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Clotting factors are primarily proteins that are responsible for the ability of blood to clot. There are as many as a dozen of them and their joint action ensures the maintenance of plasma hemostasis. Under normal circumstances, blood clotting factors prevent blood from leaking out of the blood vessels, but when there are some disturbances in their quantity, patients may experience various symptoms, including bleeding, in this situation.

Coagulation factorsare proteins produced in the liver, whose task is to create a permanent clot and stop the outflow of blood from a damaged blood vessel.

The human body has a number of different mechanisms to maintain its integrity. One of them is hemostasis, which is a process that prevents blood from leaking out of the blood vessel walls. There are generally three types of haemostasis:

  • vascular
  • plate
  • plasma

The existence of the latter is conditioned by the presence of plasma coagulation factors in the blood.

The most important discoveries about clotting factors and the directly related clotting cascades took place in the 19th and 20th centuries. It was then that other clotting factors were discovered, and at that time scientists were also able to make discoveries about exactly how the blood clotting process works.

In the course of the work, the views on the course of plasma haemostasis were changed many times, but in the end it was possible not only to understand the mechanisms in which clotting factors are involved, but also to learn about their different types and diseases, in which disturbances in the number of individual factors play a role coagulation.

Clotting factors: types

The group of factors influencing clotting sometimes includes different amounts of substances: some authors classify more compounds as clotting factors, and others classify less compounds. The most popular is the classification of plasma clotting factors, which distinguishes 12 of them and they are:

  • factor I: fibrinogen (converted to fibrin, which is the basic element of the final clot)
  • factor II: prothrombin (responsible - after conversion to thrombin - for the conversion of fibrinogen to fibrin)
  • factor III:Tissue thromboplastin (tissue factor)
  • factor IV: calcium
  • factor V: proaccelerin
  • factor VII (proconvertin)
  • factor VIII: antihemophilic factor (antihemophilic factor A)
  • factor IX: Christmas factor (antihemophilic factor B)
  • X factor: Stuart factor
  • factor XI: antihemophilic factor C
  • factor XII: Hageman factor (contact factor)
  • factor XIII: fibrin stabilizing factor

In broader terms than the ones presented above, the group of coagulation factors includes many other substances, among which it is worth mentioning the von Willebrand factor, prekalikreins and proteins C and S.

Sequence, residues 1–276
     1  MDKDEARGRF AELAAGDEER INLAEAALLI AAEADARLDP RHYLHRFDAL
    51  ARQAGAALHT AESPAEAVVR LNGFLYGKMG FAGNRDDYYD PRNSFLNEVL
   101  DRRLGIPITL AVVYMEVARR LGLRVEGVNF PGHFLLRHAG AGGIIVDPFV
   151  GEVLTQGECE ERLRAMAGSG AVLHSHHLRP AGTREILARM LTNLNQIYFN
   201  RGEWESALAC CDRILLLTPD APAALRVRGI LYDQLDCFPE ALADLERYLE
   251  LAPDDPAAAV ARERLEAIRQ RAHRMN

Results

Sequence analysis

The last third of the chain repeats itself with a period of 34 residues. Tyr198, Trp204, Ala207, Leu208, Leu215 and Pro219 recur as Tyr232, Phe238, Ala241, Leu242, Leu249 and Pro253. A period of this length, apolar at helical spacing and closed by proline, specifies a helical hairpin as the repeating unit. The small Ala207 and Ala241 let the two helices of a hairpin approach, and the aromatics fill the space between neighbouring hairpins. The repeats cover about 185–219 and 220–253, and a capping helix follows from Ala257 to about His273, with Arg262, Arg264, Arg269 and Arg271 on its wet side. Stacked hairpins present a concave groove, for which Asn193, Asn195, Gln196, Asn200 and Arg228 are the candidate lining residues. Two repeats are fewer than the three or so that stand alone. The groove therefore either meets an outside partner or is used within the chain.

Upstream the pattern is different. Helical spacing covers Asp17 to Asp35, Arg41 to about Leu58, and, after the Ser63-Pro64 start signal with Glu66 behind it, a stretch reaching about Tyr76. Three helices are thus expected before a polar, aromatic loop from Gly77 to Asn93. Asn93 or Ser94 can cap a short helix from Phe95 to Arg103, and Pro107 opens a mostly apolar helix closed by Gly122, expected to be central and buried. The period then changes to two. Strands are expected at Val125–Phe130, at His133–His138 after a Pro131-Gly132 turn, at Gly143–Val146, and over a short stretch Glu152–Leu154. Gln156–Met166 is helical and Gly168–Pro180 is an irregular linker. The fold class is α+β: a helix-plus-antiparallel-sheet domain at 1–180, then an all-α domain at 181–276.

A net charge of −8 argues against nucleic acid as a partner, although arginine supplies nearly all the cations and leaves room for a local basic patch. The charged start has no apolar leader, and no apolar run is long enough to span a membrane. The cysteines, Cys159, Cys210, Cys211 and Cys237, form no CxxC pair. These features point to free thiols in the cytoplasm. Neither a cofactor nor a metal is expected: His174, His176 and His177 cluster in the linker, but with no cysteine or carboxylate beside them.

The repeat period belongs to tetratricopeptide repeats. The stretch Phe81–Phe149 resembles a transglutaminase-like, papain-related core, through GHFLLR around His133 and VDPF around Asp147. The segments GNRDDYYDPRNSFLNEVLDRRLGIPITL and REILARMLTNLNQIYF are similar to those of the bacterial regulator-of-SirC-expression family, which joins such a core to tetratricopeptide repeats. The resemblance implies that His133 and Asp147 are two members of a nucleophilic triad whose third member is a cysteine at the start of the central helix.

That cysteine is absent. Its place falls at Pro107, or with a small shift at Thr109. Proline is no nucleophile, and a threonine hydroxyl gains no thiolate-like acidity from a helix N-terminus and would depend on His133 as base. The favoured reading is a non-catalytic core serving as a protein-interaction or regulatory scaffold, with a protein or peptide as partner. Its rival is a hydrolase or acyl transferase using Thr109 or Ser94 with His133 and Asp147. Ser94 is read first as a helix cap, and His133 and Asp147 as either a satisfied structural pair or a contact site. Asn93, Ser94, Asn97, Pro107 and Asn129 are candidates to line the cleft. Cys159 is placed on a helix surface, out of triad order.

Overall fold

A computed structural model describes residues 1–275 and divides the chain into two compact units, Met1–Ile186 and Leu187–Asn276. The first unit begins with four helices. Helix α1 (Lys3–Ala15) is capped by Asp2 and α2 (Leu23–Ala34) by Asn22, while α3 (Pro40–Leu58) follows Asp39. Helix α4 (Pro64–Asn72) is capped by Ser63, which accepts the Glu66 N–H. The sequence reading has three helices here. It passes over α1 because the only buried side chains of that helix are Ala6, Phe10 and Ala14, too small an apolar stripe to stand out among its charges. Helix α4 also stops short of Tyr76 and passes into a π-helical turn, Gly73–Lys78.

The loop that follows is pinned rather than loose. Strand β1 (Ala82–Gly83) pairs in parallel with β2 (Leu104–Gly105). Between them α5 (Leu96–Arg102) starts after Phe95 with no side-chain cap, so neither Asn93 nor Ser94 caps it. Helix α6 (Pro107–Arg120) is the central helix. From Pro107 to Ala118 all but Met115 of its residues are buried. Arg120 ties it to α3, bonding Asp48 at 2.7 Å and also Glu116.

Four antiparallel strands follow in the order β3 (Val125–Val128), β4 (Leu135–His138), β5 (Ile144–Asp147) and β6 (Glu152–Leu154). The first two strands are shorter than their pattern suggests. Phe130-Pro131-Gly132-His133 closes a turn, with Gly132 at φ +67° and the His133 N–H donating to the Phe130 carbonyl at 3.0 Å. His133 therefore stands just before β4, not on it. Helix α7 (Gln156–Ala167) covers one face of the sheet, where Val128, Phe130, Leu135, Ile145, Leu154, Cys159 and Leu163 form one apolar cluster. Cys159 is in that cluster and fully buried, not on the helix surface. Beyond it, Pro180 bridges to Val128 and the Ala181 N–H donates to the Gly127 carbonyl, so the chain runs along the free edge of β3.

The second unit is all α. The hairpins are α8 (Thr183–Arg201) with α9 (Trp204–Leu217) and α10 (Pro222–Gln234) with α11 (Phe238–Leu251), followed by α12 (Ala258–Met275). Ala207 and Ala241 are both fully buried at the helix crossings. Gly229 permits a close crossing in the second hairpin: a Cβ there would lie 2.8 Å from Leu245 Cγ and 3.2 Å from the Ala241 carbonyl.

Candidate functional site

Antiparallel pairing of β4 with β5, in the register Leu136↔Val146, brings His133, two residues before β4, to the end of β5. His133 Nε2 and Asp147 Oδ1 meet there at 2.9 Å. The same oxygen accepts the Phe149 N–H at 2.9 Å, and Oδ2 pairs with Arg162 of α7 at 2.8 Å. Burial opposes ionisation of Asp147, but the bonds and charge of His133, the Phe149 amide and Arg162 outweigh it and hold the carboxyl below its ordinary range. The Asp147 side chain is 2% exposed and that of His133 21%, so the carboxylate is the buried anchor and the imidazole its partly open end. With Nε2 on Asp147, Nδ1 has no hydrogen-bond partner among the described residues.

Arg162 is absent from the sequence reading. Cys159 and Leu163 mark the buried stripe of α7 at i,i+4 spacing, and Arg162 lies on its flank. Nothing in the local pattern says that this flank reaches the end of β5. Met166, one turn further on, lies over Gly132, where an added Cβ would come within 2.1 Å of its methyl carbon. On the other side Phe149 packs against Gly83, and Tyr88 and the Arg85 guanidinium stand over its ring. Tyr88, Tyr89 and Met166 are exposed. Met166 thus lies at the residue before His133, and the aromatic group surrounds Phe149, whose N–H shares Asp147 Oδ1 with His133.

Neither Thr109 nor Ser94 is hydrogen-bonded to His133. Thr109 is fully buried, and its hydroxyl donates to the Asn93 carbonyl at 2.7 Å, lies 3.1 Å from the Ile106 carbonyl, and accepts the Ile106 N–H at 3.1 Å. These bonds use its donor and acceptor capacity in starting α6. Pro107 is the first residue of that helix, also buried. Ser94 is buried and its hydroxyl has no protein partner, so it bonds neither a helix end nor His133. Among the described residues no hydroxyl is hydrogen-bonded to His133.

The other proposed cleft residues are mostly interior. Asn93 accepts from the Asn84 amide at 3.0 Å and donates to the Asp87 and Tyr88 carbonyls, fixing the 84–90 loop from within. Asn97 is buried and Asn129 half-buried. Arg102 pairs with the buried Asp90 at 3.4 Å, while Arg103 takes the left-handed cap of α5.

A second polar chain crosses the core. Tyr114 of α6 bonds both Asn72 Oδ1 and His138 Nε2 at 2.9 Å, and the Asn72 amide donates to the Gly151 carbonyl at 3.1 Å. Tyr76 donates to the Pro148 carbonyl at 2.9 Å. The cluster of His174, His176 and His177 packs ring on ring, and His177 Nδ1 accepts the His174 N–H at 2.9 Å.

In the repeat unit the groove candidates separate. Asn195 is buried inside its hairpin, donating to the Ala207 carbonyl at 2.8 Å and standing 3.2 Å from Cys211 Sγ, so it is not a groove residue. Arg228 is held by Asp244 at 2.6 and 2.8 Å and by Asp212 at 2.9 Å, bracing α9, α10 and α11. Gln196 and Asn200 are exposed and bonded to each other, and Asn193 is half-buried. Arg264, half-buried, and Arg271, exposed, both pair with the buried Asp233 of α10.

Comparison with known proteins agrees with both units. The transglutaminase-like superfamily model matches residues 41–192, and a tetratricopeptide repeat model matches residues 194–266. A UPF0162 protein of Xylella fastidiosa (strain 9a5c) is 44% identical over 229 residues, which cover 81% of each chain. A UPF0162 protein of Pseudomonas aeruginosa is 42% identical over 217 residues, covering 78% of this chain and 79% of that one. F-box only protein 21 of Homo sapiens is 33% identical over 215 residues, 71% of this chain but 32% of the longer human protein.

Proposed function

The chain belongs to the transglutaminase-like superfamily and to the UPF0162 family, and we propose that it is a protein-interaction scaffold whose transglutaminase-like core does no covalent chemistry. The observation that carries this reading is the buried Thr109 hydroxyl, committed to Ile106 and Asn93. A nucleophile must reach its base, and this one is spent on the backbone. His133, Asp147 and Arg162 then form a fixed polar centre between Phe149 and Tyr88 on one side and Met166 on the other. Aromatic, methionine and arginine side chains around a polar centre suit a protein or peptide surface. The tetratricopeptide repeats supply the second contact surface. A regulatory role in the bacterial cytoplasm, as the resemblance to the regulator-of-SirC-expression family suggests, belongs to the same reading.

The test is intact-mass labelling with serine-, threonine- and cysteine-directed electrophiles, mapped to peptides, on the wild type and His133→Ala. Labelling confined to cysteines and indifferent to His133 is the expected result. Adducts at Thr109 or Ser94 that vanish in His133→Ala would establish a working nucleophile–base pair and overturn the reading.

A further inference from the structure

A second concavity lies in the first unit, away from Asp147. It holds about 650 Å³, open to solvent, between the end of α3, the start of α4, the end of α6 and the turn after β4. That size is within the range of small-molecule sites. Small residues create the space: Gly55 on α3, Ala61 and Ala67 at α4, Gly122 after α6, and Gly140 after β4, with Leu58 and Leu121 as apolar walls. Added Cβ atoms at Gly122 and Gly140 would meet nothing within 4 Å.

After analyzing this list, it may be surprising that the factor with the number VI is missing from it. This is not a mistake - in the past, the sixth coagulation factor was distinguished, although in the following years it was not possible to finally confirm its existence. This is why it was deleted from the originally compiled list, to which factor XIII was then added.

Classifications of clotting factors not only assign specific numbers to them, but also a division into labile and stable coagulation factors.

Labile coagulation factors - which include, among others, Factors V and VIII, characterized by the highest lability - are such compounds that can decompose quite quickly (this can happen, for example, in a blood sample taken from a patient).

Stable clotting factors are those that are characterized by a much slower spontaneous decay.

Another division of clotting factors is based on which clotting mechanism the substances activate. Well, there are two so-called coagulation pathways: intrinsic and extrinsic pathways.

The intrinsic coagulation pathway is initiated by the activity of factor XII, while the initiation of the extrinsic pathway is first linked to factors VII, III and IV.

Ultimately, both pathways lead to the activation of a common pathway, which results in the conversion of fibrinogen into fibrin, and this is how a clot is ultimately formed. The entire mechanism by which blood clotting takes place is known as the clotting cascade.

Coagulation factors: production in the body

The production of the clotting factors takes place primarily in the liver. Synthesis (at least some of) of these substances - although to a much lesser degree - also takes place in other parts of the body, such as e.g. megakaryocytes (blood platelet precursors) orendothelial cells.

In general, clotting factors are synthesized in the liver depending on the current needs of the body, but there are some conditions that can affect the production processes of them. You can encounter such a situation, for example, in pregnant women - in pregnancy, clotting factors are synthesized in an increased amount, so in the blessed state there is an increased risk of various thromboembolic events.